Tuesday, September 14, 2004

Missionary Golden Arches

Been a bit quiet of late. Suffering from a fair whack of the old financial imperative. And as a certain Damian Christie pointed out, blogs are little idea factories and when your thoughts are elsewhere, like on finding dinner, they atrophy.
To this end I'm on the job hunt.
As a result I've had an interesting visit to a recruitment agency and have whored the old CV around. The bites are coming, most humorously in a new gig as kareoke MC at Shadows on a Wednesday night. Humorous for my occasional singing, and my not knowing a single song a punter chooses. Hero? Linkin Park? Who are these people and why could 6 separate Indian men sing it so well? Disturbing to say the least. As a weather vane for how the world is going the console has only one song by David Bowie (China Girl) and six (!) by Jessica Simpson (who cares what they are).

Had a brilliant visit to the District Court, which deserves it's own post, in the fullness of time. It is highly recommended as a pick me up.

Anywho I submitted this as my weekly Fuse flagellation. After the whole affair is over I might explain my motives for submitting to the much reviled mag. In the meantime it would look unproffesional. I told Matt Nippert, maybe he'll out me........

Apparently the Pope has criticised New Zealand for becoming too secular. Symptoms of our degeneration, according to his Holiness, include The Civil Unions Bill, the Decriminalisation of Prostitution, the domination of Sundays by entertainment and sport and, most seriously, the decline in numbers attending mass.
Although fire and brimstone are traditionally attached to those first, rather commonplace, laments it is really the attendance they are worrying about. These words, or warnings, can perhaps be seen as little more than an advertising ploy, and what better spokesperson than God’s voice on earth?
Thing is, without bums on pews the church loses its most important strengths: numerical legitimacy and financial power.
Those masses are the time when people come together before god, and the collection plate is passed around before the people. Lose that customer base and lose those cathedrals.
Financially the Catholic Church is still sitting pretty in NZ as a result of some impressive property speculation while the Country was in its infancy, so there is not too much to worry about yet. Except, perhaps, the legal troubles that have a nasty habit of following on from when infant beings are placed in the Church’s care.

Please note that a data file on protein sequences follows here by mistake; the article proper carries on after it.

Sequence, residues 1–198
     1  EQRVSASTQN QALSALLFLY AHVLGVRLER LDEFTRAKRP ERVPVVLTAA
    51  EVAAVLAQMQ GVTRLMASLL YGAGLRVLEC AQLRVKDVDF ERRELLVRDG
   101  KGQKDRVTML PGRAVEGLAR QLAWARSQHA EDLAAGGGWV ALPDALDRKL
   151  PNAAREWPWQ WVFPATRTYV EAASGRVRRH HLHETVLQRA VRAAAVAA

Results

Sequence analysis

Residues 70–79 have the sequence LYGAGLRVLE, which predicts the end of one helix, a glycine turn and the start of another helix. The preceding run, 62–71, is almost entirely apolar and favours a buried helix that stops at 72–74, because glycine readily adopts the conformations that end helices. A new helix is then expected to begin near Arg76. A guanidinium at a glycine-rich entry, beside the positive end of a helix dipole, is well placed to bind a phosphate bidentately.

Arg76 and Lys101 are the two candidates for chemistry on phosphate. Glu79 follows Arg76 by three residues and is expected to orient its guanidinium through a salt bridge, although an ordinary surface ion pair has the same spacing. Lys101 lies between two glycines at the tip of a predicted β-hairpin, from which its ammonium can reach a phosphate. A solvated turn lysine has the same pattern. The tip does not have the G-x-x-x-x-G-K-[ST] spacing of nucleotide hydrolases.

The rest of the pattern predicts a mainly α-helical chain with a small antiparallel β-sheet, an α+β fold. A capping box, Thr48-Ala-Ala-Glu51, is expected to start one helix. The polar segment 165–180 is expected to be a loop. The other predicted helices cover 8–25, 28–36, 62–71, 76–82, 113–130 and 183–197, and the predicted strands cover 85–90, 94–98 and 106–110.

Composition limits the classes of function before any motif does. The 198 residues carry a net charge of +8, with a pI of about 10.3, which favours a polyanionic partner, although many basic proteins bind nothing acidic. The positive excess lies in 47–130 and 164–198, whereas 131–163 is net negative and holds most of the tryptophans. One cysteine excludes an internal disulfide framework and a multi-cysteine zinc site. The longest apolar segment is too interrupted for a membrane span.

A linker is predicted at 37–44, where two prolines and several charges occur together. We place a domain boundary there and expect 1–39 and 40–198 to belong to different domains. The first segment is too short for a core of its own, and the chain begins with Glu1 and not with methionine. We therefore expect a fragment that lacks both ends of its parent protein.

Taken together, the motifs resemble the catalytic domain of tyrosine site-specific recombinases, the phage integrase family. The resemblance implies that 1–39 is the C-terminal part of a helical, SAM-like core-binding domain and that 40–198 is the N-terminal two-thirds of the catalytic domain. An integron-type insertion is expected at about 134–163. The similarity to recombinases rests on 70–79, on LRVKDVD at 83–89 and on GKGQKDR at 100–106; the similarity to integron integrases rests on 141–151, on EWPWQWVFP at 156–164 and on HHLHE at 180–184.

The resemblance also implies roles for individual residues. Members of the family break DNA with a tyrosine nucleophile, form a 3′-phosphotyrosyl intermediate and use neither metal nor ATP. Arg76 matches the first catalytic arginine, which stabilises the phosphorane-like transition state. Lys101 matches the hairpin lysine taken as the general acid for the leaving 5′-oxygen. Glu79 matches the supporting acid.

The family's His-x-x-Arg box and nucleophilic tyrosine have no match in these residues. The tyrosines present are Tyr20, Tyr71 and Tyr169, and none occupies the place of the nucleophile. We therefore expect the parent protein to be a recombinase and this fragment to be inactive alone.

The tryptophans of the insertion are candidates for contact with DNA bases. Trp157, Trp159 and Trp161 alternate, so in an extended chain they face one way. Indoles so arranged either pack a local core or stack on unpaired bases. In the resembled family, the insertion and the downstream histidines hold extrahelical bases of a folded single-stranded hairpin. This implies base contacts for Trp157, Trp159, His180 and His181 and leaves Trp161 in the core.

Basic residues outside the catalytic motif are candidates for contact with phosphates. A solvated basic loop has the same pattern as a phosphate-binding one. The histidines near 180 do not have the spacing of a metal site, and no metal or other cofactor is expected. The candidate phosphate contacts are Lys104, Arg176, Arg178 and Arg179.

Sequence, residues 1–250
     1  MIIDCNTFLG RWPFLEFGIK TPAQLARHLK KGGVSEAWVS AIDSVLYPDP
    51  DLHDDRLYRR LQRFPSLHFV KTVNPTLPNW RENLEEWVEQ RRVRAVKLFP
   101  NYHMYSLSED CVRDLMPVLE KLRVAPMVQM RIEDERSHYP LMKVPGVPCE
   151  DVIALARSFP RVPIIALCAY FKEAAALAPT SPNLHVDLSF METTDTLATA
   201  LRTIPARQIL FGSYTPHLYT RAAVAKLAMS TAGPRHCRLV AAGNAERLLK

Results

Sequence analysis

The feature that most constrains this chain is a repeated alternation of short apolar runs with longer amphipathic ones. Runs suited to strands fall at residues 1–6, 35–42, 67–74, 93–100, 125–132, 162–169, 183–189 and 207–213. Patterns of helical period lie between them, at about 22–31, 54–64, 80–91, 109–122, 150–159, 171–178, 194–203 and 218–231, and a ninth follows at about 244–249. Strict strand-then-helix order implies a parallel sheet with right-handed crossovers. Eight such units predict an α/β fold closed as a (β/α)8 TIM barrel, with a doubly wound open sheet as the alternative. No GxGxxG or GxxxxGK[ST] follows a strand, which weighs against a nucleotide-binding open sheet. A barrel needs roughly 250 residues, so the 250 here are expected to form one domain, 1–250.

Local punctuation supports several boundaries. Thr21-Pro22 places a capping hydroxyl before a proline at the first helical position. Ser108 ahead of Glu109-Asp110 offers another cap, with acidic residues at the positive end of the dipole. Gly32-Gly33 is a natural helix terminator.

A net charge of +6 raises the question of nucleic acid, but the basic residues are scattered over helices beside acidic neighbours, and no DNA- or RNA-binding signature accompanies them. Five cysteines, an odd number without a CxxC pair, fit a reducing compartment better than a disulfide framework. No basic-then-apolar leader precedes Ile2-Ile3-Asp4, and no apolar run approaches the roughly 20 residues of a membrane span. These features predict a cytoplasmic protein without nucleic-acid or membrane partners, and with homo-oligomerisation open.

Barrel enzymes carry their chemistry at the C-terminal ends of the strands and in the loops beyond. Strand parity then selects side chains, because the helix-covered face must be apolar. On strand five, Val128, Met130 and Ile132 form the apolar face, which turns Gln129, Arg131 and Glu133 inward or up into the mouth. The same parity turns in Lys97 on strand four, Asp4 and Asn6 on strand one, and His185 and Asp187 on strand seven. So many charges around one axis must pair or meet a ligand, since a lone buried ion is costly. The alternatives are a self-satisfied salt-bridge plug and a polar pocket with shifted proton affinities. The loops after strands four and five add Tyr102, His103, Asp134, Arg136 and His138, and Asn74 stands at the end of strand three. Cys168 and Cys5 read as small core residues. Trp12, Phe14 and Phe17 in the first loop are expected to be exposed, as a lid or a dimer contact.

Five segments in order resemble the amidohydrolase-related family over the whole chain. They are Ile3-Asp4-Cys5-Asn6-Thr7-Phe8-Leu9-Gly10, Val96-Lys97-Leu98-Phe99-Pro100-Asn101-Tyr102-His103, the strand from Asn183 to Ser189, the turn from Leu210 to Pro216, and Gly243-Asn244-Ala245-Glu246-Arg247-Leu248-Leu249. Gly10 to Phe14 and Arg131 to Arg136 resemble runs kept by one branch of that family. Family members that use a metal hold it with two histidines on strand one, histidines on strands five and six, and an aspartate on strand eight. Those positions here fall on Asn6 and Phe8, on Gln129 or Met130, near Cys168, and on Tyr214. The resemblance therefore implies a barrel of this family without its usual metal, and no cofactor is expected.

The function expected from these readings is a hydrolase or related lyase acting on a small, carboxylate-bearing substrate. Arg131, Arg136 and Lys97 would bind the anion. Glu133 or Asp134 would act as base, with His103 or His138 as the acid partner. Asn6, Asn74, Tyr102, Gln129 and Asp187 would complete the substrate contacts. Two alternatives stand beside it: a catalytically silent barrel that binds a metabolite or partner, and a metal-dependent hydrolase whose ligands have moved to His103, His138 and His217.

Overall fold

No, it is less the loss of money they are worried about, more the loss of market share.
With little things like liberalism, science and freedom of expression having taken the sting out of the Church’s traditional hold on consumers they are flailing around trying to turn a famously closed-minded, written-in-stone kinda entity into a responsive, relevant creature.
Interestingly, the concerns of this aged and tarnished brand are not dissimilar to the position held by that other great cultural institution, McDonalds.
McDonalds and the Catholic Church are two of the worlds leading property owners and cultural Trojan horses, and while serving burgers and salvation may seem far removed, that isn’t quite so. Both are petrified about losing market share. Both once benefited from near monopoly positions. Both aggressively target and grow new markets. Both offer a standardised product. And both face increasing difficulties from lawsuits and changing consumer attitudes and awareness toward nourishment.
The problem that both these venerable institutions are facing, and have never had to face so before, is that the ‘rocks’ in our lives can not change too readily or their flocks are left confused.
Then, if all this follows, it is maybe through this comparison that we can best try to understand the new Healthy Choice menu. It is simple really. McCafe and the Healthy Options menu are McDonalds’ Vatican Two.

I was just warming to it as I ran out of words. 400 doesn't give you much.

The starting point came from this article. Which contains some of the funniest lines I've seen in print:

"Prime Minister Helen Clark today told reporters the Pope had strong religious views and he was entitled to express them."
phew - enlightening stuff that.

"She was sure the pope had people on the ground in New Zealand and they made their views known to him."
yes - the people on the ground are known as Catholics - must be the SIS earning their wages making sure our PM knows what is going down - 'on the ground'........


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